The Conversation

Rated: PG
Runtime: 1 Hour and 53 Minutes

Reviewer: Dale
Grade: C+

Perhaps I have been ruined by modern movies. That is entirely possible. Maybe I can no longer appreciate a movie with a slower pace, a film that takes the time that it needs to and develops in its own time. No, wait a second. I think I have liked many movies like that. I point to my appreciation of "2001: A Space Odyssey", a film that doesn't care what you think, it moves at its own speed, the speed at which objects in space really do travel. I also liked "The Talented Mr. Ripley" which is paced just as fast as it needs to be, and is nothing less than fascinating in revealing the shadows and mystery of its main character.

But for a movie with a slower pace to work, it has to draw me in somehow. There has to be some hook that keeps me watching, that fascinates me. "2001" is slow but never, ever boring. Though the pace may be a fairly slow one, the movie has something interesting to say and there is always a fascinating image or idea on the screen. The world of the film is so well imagined that you cannot help but be hooked. What movie was I talking about again? Oh yeah- "The Conversation". "The Conversation" did not hook me.

The plot is this: Gene Hackman plays Harry Caul. Harry is one of the best surveillance men in the business. Though it is curious that he really doesn't seem all that great at it. Take, for example, the way that his phone number is a closely guarded secret yet his landlord and a client both manage to have it. Take, for example, the way he invites people back to his apartment for drinks after a convention and they discover a secret recording that no one is supposed to know about. Or any number of such screw-ups. Anyway, Harry has made a recording of a conversation in the park for a powerful client. At first, the conversation really doesn't seem to mean anything. It is only when things start turning suspicious around him that Harry starts investigating the conversation and trying to discover some deeper meaning to it all.

What is the deeper meaning to it all? I'm not sure. I hope this is a movie that reveals more layers on later viewings, because it didn't reveal a hell of a lot on its first one. I don't mind a slow pace and languid plotting, but I would like for SOMETHING to happen in the course of a film. At the end, when revelations are made (or are they?) they really aren't anything that special.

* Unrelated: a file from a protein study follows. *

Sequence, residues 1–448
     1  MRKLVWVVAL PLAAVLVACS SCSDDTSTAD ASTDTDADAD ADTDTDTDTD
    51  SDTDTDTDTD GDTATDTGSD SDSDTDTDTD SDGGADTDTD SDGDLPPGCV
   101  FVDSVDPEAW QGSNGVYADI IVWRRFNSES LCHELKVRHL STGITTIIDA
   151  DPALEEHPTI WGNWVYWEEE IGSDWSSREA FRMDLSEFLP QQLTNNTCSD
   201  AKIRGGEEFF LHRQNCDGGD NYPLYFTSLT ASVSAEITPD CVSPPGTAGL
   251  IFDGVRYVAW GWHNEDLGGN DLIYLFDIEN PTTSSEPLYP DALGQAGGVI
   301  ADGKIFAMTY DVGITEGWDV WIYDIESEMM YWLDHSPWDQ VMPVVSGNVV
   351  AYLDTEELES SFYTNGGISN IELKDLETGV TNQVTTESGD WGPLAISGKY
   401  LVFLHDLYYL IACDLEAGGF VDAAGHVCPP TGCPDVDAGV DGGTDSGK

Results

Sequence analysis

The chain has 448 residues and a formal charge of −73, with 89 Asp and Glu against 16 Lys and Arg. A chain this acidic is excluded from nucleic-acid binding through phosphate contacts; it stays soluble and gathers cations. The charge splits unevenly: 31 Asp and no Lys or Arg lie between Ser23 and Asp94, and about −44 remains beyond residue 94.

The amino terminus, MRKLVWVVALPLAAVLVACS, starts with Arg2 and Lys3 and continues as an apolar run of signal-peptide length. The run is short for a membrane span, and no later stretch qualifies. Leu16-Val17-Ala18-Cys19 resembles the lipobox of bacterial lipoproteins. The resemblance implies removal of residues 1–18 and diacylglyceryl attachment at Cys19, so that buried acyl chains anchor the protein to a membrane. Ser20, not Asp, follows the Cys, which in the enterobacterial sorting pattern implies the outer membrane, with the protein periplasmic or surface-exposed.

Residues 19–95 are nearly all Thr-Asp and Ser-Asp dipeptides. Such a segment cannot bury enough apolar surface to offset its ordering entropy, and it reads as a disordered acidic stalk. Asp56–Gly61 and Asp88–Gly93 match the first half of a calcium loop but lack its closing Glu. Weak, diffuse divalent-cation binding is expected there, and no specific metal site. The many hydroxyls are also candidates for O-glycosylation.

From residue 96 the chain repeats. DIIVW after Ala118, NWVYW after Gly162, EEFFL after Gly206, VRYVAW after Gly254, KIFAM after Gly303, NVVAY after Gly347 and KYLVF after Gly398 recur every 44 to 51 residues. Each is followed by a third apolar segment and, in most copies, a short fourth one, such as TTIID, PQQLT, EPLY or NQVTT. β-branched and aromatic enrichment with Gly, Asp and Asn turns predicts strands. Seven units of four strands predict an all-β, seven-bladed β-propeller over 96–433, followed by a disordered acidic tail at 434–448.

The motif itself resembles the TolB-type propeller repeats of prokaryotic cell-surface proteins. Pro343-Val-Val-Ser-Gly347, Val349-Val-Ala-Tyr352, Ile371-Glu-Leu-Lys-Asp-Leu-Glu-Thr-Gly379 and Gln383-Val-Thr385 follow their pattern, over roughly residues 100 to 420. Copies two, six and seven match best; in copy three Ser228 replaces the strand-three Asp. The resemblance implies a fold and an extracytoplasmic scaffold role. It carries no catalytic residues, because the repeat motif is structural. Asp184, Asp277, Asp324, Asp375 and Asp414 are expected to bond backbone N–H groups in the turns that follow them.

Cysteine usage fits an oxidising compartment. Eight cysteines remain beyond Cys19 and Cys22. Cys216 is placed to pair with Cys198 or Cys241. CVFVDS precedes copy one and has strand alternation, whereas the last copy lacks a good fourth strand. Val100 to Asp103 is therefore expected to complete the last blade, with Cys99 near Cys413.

There are a couple of interesting things in this movie. One of them is Gene Hackman's performance. It is perfectly modulated and fulfills my ultimate test of a great performance: do you think of any of the actor's other roles instead of thinking of the one he is playing? The answer is no. I never even connected him with the man in "Unforgiven" or "Loose Cannons" (I'm sure Gene is happy about that: I'm thinking he wants as few people to connect him with "Loose Cannons" as possible). He simply becomes this guy, warts and all. The problem is that, as good as his performance is, it just can't make up for the relative dullness of the whole thing. Except for a pretty creepy scene involving a toilet (worthy of its reputation and, no doubt, the whole reason that this movie is still discussed) there aren't many moments that stimulated me. My mind wandered quite a bit during this movie, even though I didn't want it to. I love Coppola, and I like Gene Hackman, and I liked pretty much all the cast, and the scene with the toilet was pretty involving, but there just isn't much else to draw the viewer in.
Maybe I was missing the point of it or something, but I don't think so. I think it's about privacy and security and stuff like that.

I just didn't really care. And I think that's kind of the point to a movie, isn't it?